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Loss Of Value Insurance: A Multimillion-Dollar Gamble?

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June ushers in an exciting time in sports. As the top NHL, MLB and NBA draft prospects wait to see if their dreams of going pro come true, some will have one more thing to consider: if the draft doesn’t go well, could they join the lucky few who collected on loss of value insurance policies?

In this DarrasLiving podcast episode, we examine the merits and risks elite athlete insurance policies – and why they don’t always ensure a multimillion-dollar payday.

What is loss of value insurance?

Also known as draft slot protection, loss of value insurance protects against the risk that a student-athlete’s draft stock slips because of an injury or illness, resulting in a smaller signing bonus and/or pro contract.

LOV insurance is typically purchased in the year leading up to the athlete’s draft eligibility. It is available as a rider on a permanent total disability policy and increases the premiums by an estimated $4,000 per million of insurance.

These high-stake policies offer student-athletes the possibility of another year of college eligibility without the worry of losing it all if disaster strikes. With the security of loss of value insurance, elite student-athletes can stay in school another year or possibly earn their degree, both of which better prepare them for a life and career beyond professional sports.

How LOV coverage works

Loss of value coverage is determined through a three-step process:

1. Determine eligibility.

Insurance underwriters determine an athlete’s eligibility based on his or her projected draft position. Projected top 10 picks may be offered coverage ranging from $1 million to $10 million based on their projected draft positions.

2. Set the threshold.

Once eligibility is determined, underwriters set a threshold, which is typically 50 to 60 percent of the athlete’s projected rookie contract. Insurers may determine the threshold differently, which could result in different claim payment amounts.

3. Determine benefits.

If the maximum contract offer an athlete receives is less than the threshold, he or she could be eligible for LOV benefits. However, a significant injury or illness must be the sole and direct cause of this difference in order for the athlete to collect LOV benefits.

Learn more about how loss of value insurance coverage is determined.

The challenges of collecting LOV benefits.

LOV insurance benefits are notoriously difficult to collect, but not impossible. Here are the common reasons for a denied loss of value or career-ending disability claim.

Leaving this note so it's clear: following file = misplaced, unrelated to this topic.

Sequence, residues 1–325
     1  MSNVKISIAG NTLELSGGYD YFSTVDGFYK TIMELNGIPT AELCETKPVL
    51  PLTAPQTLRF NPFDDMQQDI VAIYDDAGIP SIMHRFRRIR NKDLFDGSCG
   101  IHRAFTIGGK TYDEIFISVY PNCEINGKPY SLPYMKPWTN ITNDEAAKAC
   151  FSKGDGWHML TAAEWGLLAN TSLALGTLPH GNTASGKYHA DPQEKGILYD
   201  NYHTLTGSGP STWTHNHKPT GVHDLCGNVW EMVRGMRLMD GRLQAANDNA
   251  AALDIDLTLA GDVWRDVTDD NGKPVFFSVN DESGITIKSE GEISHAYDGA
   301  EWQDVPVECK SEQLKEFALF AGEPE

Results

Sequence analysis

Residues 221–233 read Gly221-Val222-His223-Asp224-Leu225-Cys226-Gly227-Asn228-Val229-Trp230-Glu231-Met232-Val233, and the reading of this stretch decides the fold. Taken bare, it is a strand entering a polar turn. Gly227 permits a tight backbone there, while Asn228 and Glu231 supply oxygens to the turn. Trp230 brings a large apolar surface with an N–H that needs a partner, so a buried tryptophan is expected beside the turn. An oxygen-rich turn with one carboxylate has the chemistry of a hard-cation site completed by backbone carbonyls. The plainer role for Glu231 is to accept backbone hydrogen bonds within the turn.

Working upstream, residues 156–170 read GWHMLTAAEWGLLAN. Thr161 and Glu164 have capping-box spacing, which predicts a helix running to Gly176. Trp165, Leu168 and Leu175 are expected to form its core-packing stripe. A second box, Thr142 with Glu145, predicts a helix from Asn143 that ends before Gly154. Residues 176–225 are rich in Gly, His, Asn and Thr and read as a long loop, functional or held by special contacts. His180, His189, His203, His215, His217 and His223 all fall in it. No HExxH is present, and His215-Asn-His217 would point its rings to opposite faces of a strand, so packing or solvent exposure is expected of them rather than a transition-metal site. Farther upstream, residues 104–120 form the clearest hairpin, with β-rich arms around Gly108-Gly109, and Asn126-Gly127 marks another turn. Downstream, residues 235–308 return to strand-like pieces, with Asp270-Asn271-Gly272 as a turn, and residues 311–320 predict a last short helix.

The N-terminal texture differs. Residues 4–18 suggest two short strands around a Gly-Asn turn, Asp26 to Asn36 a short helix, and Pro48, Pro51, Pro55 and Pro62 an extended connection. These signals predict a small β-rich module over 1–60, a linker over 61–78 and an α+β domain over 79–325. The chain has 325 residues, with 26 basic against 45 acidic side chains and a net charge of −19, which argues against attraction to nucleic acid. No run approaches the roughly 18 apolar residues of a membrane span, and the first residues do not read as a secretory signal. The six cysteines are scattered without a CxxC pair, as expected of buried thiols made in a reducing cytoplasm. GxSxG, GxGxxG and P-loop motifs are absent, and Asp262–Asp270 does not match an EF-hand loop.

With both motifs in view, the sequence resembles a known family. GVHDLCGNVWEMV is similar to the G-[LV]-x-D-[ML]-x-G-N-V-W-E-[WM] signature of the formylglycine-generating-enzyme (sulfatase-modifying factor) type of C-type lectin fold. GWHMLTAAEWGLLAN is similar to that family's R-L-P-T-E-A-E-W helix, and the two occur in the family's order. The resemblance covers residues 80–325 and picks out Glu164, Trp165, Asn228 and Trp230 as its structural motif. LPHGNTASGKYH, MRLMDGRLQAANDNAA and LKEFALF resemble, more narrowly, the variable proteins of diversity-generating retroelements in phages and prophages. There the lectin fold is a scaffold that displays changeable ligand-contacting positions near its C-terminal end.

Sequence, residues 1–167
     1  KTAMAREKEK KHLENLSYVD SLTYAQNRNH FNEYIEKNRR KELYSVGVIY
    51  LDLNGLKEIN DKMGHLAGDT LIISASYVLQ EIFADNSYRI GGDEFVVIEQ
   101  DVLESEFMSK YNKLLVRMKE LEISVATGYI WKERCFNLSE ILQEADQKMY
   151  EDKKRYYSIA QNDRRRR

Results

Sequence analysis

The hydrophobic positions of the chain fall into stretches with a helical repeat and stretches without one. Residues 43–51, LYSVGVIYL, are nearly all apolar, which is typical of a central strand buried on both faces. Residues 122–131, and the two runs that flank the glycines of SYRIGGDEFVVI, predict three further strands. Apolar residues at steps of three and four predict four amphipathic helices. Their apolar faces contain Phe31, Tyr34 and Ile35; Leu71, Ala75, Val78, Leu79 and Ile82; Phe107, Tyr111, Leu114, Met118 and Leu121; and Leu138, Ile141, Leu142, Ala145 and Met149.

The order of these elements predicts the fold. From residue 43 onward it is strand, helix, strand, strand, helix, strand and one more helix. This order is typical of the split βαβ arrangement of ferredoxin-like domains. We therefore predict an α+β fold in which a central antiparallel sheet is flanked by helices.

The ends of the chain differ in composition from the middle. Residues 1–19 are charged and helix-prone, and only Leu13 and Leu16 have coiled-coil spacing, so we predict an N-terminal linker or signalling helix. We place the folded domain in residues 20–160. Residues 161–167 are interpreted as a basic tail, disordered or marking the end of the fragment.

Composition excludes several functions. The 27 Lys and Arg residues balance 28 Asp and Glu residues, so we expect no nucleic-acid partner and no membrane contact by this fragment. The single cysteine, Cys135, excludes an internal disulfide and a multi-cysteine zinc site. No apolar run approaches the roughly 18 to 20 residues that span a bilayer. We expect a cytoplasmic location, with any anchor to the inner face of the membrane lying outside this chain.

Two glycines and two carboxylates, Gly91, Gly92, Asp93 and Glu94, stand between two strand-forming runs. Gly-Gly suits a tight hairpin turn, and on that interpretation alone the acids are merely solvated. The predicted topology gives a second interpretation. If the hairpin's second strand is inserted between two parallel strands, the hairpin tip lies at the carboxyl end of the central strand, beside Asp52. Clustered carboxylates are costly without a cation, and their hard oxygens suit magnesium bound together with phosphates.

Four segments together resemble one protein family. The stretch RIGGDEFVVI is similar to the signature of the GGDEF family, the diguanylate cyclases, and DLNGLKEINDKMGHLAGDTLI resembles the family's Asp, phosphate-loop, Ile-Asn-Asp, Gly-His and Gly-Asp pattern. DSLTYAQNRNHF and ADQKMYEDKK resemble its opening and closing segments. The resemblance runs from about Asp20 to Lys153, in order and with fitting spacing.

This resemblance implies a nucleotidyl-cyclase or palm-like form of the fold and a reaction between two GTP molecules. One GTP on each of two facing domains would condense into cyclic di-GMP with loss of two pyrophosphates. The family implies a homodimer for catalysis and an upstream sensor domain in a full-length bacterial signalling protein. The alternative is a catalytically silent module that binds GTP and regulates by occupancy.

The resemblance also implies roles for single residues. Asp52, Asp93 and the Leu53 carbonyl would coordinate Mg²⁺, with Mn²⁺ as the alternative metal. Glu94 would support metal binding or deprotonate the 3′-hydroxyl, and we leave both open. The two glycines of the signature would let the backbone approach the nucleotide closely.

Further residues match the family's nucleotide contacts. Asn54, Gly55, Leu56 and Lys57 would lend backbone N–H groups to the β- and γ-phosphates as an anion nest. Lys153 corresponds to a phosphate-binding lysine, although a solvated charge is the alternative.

1. The athlete, handler, college or broker misrepresented health, financial or medical information when applying for the policy.

Insurance carriers have a field day when they find omitted or partially submitted misinformation on an application that later leads to a claim. The insurer usually calls fraud and refunds the premium with interest, but doesn’t pay the seven figures of benefits.

2. The player was treated or should have gotten treatment, consultation or medical care/advice, or took medication during the pre-existing condition period.

Most athletes and their handlers fall into this trap because most players see a trainer, chiropractor, or physical therapist periodically as part of routine maintenance. Insurers often overstate these training aids as medical care, advice and treatment to eliminate any chance of collecting disability benefits.

3. The player had a lackluster combine or pro-day.

Insurers often claim that various teams’ needs that didn’t match what the player brought to the draft, and this-not a minor strain/sprain type of injury or sickness-caused their draft stock to slip.

Want more information? Contact us for free policy analysior or free application help with elite athlete insurance policies.


DarrasLaw is Americas' most honored and decorated disability litigation firm in the country. Mr. Darras has seen more, evaluated more, litigated more, and resolved more individual and group long term disability and long-term care cases than any other lawyer in the United States.

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